In addition to Democrats winning the House, "Republicans had the most advantageous Senate map since 1914 and may end up with a net of two [senators added to their majority]" said another adviser in a different likely campaign. "Talk about under-performance."
"For 2020, it is very positive news that Democrats were able to win statewide reelects in some of the Midwestern states we lost last year, that would help them get to 270," said Jen Palmieri, a senior aide to 2016 Democratic nominee Hillary Clinton. "And I think that that's the message there — you need to have a progressive agenda that's going to offer solutions for real problems people face. But you need to present this in a way that is going to unite people and bring them together, not further divide."
What's the best strategy?
Does that mean a moderate, bridge-building candidate would fare better than a high-profile Democrat who's made national headlines already going toe-to-toe with Trump? Is the answer appealing to the Democratic Party's base, or offering a moderate, even boring Democrat who independents and Republicans tired of Trump could feasibly support?
Ultimately, Democratic primary voters will decide.
Another key question, albeit a question that doesn't need to be decided for some time: whether to focus a general election on retaking those Midwestern states, or challenging Trump in Arizona, North Carolina and other Democrat-trending sun belt states.
That's where campaign staffers-in-waiting begin to draw different conclusions from last week's results. The more progressive and aggressive camps see Beto O'Rourke and Stacey Abrams' performances in Texas and Georgia as a sign that base mobilization can turn a Republican state blue with two more years of organization and demographic changes.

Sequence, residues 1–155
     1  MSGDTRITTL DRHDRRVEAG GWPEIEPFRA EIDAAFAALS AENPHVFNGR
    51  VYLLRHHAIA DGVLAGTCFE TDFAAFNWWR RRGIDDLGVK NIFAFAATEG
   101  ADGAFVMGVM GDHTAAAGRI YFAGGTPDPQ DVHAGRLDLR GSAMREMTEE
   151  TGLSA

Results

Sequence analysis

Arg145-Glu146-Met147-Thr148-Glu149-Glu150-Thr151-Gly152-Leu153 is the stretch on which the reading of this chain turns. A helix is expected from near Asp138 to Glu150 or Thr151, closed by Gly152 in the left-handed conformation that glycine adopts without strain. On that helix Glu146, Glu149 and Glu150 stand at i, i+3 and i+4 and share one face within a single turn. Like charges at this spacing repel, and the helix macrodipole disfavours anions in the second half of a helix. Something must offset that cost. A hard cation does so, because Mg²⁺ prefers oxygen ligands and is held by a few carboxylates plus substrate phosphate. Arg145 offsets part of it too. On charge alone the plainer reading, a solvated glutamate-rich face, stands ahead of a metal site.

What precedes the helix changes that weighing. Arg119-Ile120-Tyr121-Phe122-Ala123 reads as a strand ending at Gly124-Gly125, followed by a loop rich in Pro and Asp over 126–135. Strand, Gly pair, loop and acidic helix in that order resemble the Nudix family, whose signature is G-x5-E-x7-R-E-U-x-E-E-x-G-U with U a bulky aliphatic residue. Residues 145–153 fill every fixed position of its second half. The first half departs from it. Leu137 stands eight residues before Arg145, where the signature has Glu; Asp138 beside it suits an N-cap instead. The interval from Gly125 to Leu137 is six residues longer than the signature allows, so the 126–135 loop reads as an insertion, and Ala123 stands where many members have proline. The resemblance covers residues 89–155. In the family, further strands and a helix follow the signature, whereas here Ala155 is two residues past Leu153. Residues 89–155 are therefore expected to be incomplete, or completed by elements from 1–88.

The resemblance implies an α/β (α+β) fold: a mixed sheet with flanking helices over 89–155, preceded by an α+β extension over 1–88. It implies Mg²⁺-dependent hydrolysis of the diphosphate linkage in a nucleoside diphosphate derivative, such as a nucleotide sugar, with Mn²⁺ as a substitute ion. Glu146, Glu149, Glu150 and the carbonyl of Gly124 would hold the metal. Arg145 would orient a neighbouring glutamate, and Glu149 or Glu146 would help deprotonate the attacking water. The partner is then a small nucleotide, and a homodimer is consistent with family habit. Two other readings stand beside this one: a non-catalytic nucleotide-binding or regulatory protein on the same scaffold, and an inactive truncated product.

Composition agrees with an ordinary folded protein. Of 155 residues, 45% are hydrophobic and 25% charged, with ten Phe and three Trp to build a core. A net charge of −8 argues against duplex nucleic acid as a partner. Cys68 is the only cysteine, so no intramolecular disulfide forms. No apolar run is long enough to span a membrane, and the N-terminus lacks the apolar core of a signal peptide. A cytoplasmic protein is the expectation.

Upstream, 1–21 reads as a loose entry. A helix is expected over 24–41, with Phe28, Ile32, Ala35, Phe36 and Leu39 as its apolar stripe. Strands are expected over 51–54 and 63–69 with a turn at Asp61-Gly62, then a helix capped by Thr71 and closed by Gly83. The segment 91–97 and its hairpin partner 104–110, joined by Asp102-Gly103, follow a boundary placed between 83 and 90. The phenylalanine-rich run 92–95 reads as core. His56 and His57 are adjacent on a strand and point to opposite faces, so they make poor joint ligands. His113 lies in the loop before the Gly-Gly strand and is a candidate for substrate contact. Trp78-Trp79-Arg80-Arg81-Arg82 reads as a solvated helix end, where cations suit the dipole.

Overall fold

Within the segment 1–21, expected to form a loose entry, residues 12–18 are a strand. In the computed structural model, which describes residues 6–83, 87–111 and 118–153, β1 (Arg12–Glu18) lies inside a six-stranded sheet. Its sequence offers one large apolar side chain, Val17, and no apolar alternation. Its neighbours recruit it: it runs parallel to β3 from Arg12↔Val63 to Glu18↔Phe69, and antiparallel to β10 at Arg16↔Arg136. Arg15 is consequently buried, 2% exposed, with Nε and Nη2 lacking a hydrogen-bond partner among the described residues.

The more consensus-minded camps – notably, including most of the potential candidates who aren't based in Washington – are more apt to focus on the fact that Democrats flipped the House by running moderate, sometimes cautious candidates who fit their district profiles, which is also how Sen.-elect Kyrsten Sinema ran in Arizona.
But as more and more Democrats have embraced progressive positions like a $15 minimum wage, the main choice may come down to a matter of tone and framing. Do you run a campaign attacking Trump, or trying to appeal to the middle and win over wary conservatives?
In short, it's the difference between the mindset New York Sen. Kirsten Gillibrand laid out on The Late Show With Stephen Colbert last Thursday night, and what Montana Gov. Steve Bullock spelled out on MSNBC's Morning Joe the very next morning.
Gillibrand told Colbert she sees 2020 as a clear, black-and-white divide between good and evil. "I have seen the hatred and the division that President Trump has put into our country," she told Colbert, "and it has called me to fight as hard as I possibly can to restore the moral compass of this country."
Bullock opted for a far more conciliatory approach: "As much as we can bridge some of these divides, and as much as we can make people have a reason to believe government can work in a broken political system, that matters."
Over the coming weeks, staff will keep working behind the scenes to lay the groundwork in case they do run. Gillibrand, Harris and Sanders will all field questions about their potential candidacies while promoting new books hitting stores this holiday season.
But all of that preparation will remain potential, until each candidate makes the deeply personal decision of whether or not to launch a process that could irrevocably reshape their lives, win or lose.
NPR's Asma Khalid contributed to this report